The Gori Propeller

Believe it or not the propeller is an engineering marvel. A standard propeller causes so much drag on a boat while it is sailing that it can reduce the boat speed by a knot or so. If you think that's insignificant then consider that 120 nautical miles is a good day's cruise for a boat like Sister. That means she's averaging 5 knots for 24 hours. If the propeller drags enough to reduce boat speed by a knot then you'll only make 96 nautical miles under those same conditions. That's a 20% hit which would turn a 10 day run into a 12 day run or a 20 day run into a 24 day run. That's significant, particularly if you're the one making the cruise.

Sister's propeller has three blades. The blades are attached to the main body of the prop by a mechanical system that causes the prop to open up in one direction when the shaft is turning "forward". Putting the boat in reverse causes the prop to fold then open in the opposite direction. Most importantly, when the shaft isn't turning, that is when you're sailing, the prop folds into a sleek shape that causes minimal drag. If any of you make an extended passage with us I know you will appreciate the Gori propeller.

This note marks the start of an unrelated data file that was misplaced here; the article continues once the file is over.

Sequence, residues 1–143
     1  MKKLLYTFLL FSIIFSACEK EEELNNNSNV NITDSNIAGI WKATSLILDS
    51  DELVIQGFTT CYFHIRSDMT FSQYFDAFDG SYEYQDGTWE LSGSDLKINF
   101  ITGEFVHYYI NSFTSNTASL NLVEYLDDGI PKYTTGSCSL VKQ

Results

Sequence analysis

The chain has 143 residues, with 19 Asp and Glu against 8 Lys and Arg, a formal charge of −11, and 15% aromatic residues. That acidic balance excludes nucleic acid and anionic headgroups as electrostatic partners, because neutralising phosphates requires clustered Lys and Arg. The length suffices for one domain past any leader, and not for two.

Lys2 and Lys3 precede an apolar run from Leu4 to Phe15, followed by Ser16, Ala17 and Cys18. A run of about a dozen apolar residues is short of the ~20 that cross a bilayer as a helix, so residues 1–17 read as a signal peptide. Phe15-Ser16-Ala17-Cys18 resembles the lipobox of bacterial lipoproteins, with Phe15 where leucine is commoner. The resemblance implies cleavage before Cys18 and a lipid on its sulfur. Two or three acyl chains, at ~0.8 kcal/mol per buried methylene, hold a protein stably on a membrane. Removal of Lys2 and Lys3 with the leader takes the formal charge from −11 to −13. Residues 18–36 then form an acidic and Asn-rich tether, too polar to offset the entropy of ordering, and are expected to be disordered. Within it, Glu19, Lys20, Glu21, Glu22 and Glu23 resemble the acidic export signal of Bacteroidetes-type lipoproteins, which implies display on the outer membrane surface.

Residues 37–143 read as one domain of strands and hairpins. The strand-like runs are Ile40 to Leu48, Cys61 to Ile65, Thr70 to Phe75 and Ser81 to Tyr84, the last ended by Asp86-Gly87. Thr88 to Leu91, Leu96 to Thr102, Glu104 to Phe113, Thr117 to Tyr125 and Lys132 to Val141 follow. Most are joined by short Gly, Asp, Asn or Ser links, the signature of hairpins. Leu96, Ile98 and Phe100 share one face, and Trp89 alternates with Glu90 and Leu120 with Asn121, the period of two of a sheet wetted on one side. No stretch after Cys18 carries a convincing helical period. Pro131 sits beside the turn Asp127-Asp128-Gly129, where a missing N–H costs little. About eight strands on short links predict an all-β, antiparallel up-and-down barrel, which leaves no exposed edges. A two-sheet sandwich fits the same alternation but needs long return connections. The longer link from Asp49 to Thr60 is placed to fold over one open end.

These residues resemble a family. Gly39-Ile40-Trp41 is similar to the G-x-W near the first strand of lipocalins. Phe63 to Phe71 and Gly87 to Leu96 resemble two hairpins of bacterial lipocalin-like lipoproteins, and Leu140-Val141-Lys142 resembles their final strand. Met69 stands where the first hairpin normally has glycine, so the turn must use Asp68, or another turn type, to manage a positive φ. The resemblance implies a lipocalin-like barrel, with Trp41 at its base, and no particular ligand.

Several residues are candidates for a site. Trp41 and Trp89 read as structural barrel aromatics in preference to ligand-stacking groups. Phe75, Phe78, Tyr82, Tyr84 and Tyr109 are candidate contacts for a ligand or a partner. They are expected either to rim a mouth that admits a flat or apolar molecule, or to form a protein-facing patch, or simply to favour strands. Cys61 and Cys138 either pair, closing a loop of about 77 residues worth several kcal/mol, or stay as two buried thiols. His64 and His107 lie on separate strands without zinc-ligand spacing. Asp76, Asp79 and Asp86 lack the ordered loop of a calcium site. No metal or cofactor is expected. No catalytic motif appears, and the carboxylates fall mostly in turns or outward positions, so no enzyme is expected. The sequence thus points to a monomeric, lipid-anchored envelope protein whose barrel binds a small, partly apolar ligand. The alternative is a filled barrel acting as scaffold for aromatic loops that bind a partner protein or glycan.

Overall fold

The Three positions of the Gori propeller

Here's the propeller open in position to drive the boat in one direction.

Here's the propeller open in position to drive the boat in the opposite direction.

And here is this wonderfully accommodating propeller folded to minimize drag.



Copyright Ames Lake Systems 2001-2002